Archived 2014 discussion: Fraser’s Eagle-owl (Bubo poensis) and Usambara Eagle-owl (B. vosseleri) are being lumped as B. poensis: list the newly defined species as Least Concern?

The initial deadline for comments on this topic is 10 March 2014, and is therefore later than for most other topics currently under discussion.

This is part of a consultation on the Red List implications of extensive changes to BirdLife’s taxonomy for non-passerines

Lynx Edicions and BirdLife International will soon publish the HBW-BirdLife Illustrated Checklist of the Birds of the World, building off the Handbook of the Birds of the World series, and BirdLife’s annually updated taxonomic checklist.

The new Checklist will be based on the application of criteria for recognising species limits described by Tobias et al. (2010). Full details of the specific scores and the basis of these for each new taxonomic revision will be provided in the Checklist.

Following publication, an open and transparent mechanism will be established to allow people to comment on the taxonomic revisions or suggest new ones, and provide new information of relevance in order to inform regular updates. We are also actively seeking input via a discussion topic here regarding some potential taxonomic revisions that currently lack sufficient information.

The new Checklist will form the taxonomic basis of BirdLife’s assessments of the status of the world’s birds for the IUCN Red List. The taxonomic changes that will appear in volume 1 of the checklist (for non-passerines) will begin to be incorporated into the 2014 Red List update, with the remainder, and those for passerines (which will appear in volume 2 of the checklist), to be incorporated into subsequent Red List updates.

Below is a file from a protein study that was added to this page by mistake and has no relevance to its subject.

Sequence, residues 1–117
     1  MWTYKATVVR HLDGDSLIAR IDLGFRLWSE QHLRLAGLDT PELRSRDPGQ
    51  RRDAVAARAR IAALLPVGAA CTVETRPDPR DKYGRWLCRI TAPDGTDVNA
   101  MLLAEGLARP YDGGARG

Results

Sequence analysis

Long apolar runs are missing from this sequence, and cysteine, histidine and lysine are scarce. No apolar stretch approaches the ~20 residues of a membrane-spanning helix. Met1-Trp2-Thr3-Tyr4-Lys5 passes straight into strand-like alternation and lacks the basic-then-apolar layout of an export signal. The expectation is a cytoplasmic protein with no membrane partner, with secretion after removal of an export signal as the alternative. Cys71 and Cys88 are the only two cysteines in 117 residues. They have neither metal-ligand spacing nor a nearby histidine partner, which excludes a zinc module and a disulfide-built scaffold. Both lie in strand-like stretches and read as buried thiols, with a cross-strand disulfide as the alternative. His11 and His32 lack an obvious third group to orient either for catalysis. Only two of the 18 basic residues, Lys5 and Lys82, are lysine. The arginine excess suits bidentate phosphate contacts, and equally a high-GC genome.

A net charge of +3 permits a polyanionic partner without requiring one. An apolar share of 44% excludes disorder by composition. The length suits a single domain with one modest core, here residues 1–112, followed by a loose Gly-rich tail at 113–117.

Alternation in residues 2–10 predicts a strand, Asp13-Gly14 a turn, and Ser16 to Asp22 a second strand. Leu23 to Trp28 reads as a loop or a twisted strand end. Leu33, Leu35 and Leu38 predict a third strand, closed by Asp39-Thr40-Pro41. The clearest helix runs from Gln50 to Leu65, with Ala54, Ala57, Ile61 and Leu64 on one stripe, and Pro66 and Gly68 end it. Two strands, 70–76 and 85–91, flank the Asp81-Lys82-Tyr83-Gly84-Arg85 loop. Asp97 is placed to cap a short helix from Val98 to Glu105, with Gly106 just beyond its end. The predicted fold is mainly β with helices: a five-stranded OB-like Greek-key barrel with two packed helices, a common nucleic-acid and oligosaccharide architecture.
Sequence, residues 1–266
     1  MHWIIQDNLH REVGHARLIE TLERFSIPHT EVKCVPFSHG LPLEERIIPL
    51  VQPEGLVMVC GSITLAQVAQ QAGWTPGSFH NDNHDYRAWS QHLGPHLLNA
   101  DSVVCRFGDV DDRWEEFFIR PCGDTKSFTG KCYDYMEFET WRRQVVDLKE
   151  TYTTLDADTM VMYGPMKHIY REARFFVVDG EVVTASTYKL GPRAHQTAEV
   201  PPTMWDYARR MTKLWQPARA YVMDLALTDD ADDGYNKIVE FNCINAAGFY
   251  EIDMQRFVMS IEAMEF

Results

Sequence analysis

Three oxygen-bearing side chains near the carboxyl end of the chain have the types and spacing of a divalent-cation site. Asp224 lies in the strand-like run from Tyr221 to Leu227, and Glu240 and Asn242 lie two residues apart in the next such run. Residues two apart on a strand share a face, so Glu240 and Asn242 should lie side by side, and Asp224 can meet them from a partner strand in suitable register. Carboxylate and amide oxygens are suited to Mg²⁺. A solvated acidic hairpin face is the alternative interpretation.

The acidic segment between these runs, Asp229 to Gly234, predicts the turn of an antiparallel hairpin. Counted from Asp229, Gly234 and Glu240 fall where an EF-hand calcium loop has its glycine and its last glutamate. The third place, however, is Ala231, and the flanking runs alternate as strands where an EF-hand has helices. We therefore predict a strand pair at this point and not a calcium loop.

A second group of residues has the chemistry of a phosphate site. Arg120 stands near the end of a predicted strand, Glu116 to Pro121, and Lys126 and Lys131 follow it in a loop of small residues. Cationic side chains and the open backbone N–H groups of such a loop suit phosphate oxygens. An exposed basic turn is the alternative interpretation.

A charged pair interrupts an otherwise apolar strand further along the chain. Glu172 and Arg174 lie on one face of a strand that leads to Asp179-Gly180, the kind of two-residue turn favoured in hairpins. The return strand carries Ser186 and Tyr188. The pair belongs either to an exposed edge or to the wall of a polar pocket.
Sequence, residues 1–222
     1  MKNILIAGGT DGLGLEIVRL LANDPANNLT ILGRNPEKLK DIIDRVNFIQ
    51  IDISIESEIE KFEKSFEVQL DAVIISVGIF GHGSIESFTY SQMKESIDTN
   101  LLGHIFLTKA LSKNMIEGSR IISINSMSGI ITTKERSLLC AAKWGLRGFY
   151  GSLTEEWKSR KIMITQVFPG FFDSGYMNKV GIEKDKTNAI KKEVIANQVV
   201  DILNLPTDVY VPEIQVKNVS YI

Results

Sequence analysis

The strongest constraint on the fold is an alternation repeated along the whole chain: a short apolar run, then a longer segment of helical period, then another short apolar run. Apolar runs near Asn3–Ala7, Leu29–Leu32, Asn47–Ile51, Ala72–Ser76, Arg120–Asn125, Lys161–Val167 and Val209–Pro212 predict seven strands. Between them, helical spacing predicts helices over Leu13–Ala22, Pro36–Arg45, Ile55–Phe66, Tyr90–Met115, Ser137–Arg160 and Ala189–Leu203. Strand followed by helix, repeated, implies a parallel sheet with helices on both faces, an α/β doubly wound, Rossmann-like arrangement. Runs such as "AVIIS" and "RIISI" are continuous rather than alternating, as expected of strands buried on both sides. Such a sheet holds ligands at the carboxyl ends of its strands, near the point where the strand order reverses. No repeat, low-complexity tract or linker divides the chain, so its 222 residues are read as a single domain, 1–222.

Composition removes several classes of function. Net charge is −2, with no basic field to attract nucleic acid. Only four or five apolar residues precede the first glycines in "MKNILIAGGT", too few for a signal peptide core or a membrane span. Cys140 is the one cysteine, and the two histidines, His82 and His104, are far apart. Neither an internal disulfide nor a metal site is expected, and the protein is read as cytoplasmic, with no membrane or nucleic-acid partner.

Preliminary Red List assessments have been carried out for the newly split or lumped taxa. We are now requesting comments and feedback on these preliminary assessments.

Fraser’s Eagle-owl Bubo poensis and Usambara Eagle-owl B. vosseleri are being lumped as B. poensis, following the application of criteria set out by Tobias et al. (2010).

Prior to the taxonomic change, B. poensis (BirdLife species factsheet), a widespread resident of primary evergreen forest, secondary forest, clearings and cardamom plantations in West and Central Africa, mostly in the lowlands, but up to 1,600 m in Cameroon (König and Weick 2008), was listed as being of Least Concern, on the basis that it was not thought to approach the thresholds for Vulnerable under any of the IUCN Red List criteria.

B. vosseleri (BirdLife species factsheet), a resident of mainly montane and submontane evergreen forest in Tanzania, was listed as Vulnerable under criterion B1ab(ii,iii,v), on the basis of its small range (c.19,600 km2), in which remaining areas of suitable habitat are severely fragmented and being cleared and degraded.

Following the taxonomic change, it is suggested that B. poensis be listed as being of Least Concern, on the basis that it is not thought to approach the thresholds for Vulnerable under any of the IUCN Red List criteria.

However, it is noted that whilst poensis was thought to have a stable population prior to the taxonomic change, this could be an erroneous assumption given its distribution in West Africa where deforestation rates are known to have been rapid. For example, Allport (1991) estimated that c.77% of forest cover in the Upper Guinea Endemic Bird Area (EBA) (BirdLife EBA factsheet) had been lost at the time of that study, mainly as a result of logging, agricultural encroachment and mining, and forest loss in the region has continued since that date at a high rate (H. Rainey in litt. 2010). Indeed, this taxon was has been described as threatened by forest destruction and probably persecution, at least locally (König and Weick 2008). Despite this, its apparent tolerance of some forms of habitat modification may buffer the overall impacts to some extent. Information is requested on the likely population trend of the newly-defined species. The species could qualify as Near Threatened under criterion A if it is estimated, projected or suspected to experience a population decline approaching 30% over 35 years (estimate of three generations).